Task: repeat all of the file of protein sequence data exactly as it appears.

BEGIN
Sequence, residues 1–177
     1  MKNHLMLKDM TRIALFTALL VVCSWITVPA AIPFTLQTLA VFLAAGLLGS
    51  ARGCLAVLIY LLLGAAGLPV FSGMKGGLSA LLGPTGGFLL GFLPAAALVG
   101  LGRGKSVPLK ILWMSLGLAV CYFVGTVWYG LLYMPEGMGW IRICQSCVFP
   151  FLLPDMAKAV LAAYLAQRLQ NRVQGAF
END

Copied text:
Sequence, residues 1–177
     1  MKNHLMLKDM TRIALFTALL VVCSWITVPA AIPFTLQTLA VFLAAGLLGS
    51  ARGCLAVLIY LLLGAAGLPV FSGMKGGLSA LLGPTGGFLL GFLPAAALVG
   101  LGRGKSVPLK ILWMSLGLAV CYFVGTVWYG LLYMPEGMGW IRICQSCVFP
   151  FLLPDMAKAV LAAYLAQRLQ NRVQGAF